I had no thought of violets of late,
The wild, shy kind that spring beneath your feet
In wistful April days, when lovers mate
And wander through the fields in raptures sweet.
The thought of violets meant florists’ shops,
And bows and pins, and perfumed papers fine;
And garish lights, and mincing little fops
And cabarets and songs, and deadening wine.
So far from sweet real things my thoughts had strayed,
I had forgot wide fields, and clear brown streams;
The perfect loveliness that God has made,—
Wild violets shy and Heaven-mounting dreams.
And now—unwittingly, you’ve made me dream
Of violets, and my soul’s forgotten gleam.
An idle lingerer on the wayside’s road,
He gathers up his work and yawns away;
A little longer, ere the tiresome load
Shall be reduced to ashes or to clay.
No matter if the world has marched along,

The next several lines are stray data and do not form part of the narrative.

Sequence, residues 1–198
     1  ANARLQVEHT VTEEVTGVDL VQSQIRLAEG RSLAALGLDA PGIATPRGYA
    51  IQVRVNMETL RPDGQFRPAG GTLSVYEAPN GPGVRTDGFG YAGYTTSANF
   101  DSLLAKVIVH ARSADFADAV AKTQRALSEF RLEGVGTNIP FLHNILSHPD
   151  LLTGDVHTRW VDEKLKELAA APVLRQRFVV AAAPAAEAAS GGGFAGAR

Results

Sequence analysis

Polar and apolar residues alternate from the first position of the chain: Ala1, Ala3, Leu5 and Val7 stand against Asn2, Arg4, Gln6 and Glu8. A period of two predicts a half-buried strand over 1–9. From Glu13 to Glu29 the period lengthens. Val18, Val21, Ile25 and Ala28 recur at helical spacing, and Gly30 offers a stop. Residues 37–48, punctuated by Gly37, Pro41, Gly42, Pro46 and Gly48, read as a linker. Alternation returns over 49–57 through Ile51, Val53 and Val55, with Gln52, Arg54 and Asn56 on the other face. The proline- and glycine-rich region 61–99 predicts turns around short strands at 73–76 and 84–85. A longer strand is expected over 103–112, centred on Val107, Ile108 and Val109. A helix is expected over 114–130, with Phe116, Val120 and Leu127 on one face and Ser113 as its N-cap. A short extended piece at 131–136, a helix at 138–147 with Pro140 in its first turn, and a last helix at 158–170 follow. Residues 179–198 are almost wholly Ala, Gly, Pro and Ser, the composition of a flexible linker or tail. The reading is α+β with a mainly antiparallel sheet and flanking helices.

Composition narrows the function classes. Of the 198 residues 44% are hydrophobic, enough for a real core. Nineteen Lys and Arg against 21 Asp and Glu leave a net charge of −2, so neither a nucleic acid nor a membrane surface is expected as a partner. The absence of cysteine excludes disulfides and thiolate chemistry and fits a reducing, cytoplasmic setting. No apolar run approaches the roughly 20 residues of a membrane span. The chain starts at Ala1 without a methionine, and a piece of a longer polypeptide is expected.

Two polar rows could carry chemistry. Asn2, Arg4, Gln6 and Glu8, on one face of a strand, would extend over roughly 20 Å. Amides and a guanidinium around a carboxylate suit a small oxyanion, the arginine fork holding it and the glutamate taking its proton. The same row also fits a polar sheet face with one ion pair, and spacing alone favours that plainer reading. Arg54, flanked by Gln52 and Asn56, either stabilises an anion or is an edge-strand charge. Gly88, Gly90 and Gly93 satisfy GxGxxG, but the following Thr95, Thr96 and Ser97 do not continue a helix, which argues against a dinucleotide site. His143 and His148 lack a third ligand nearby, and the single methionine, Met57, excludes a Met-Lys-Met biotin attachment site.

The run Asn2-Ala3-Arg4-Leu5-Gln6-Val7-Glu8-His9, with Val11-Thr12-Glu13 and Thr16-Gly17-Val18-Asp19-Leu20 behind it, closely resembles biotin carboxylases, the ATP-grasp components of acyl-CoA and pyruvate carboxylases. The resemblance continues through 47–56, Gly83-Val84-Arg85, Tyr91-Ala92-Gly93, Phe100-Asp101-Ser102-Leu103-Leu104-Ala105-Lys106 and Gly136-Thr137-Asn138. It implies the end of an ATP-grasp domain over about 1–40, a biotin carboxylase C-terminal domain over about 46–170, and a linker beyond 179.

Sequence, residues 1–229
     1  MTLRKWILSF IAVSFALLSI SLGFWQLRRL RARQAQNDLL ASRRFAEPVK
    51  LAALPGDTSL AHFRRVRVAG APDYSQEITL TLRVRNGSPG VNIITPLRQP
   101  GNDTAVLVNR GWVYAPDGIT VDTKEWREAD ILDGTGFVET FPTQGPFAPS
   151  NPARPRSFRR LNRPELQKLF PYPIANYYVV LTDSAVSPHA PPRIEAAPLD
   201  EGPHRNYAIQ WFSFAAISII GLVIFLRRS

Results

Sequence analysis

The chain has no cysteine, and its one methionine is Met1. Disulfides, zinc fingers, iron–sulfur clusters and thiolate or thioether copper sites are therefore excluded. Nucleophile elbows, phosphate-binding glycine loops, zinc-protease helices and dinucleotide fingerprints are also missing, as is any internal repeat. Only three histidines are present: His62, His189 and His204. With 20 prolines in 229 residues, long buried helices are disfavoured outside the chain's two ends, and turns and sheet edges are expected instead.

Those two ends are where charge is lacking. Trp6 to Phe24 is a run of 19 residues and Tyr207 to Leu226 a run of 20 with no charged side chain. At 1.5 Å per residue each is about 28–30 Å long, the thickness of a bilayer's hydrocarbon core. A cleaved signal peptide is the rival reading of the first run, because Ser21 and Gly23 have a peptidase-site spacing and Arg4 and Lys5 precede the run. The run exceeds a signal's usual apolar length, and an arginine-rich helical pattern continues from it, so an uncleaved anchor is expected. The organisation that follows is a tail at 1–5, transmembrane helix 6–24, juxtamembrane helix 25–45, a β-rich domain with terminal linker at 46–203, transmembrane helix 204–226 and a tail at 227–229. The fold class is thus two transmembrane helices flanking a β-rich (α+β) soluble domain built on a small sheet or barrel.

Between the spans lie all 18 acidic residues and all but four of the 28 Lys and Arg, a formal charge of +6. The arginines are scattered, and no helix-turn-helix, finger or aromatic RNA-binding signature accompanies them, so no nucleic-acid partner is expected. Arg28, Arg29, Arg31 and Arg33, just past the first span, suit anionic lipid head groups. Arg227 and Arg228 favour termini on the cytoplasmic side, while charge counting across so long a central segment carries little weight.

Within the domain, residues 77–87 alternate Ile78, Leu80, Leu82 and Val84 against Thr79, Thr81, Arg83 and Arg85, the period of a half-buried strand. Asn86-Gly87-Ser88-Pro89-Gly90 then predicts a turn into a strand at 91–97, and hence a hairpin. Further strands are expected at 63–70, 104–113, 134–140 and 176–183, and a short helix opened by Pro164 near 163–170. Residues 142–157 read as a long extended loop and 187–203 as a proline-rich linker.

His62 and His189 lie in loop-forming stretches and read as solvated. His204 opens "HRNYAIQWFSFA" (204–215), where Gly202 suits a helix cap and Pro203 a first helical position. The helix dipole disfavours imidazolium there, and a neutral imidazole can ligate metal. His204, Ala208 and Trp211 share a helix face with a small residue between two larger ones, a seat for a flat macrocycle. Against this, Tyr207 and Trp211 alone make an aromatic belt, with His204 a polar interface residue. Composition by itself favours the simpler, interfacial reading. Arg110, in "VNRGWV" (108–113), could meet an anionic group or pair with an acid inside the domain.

And scorned his slowness as it quickly passed;
No matter, if amid the busy throng,
He greets some face, infantile at the last.
His mission? Well, there is but one,
And if it is a mission he knows it, nay,
To be a happy idler, to lounge and sun,
And dreaming, pass his long-drawn days away.
So dreams he on, his happy life to pass
Content, without ambitions painful sighs,
Until the sands run down into the glass;
He smiles—content—unmoved and dies
And yet, with all the pity that you feel
For this poor mothling of that flame, the world;
Are you the better for your desperate deal,
When you, like him, into infinitude are hurled?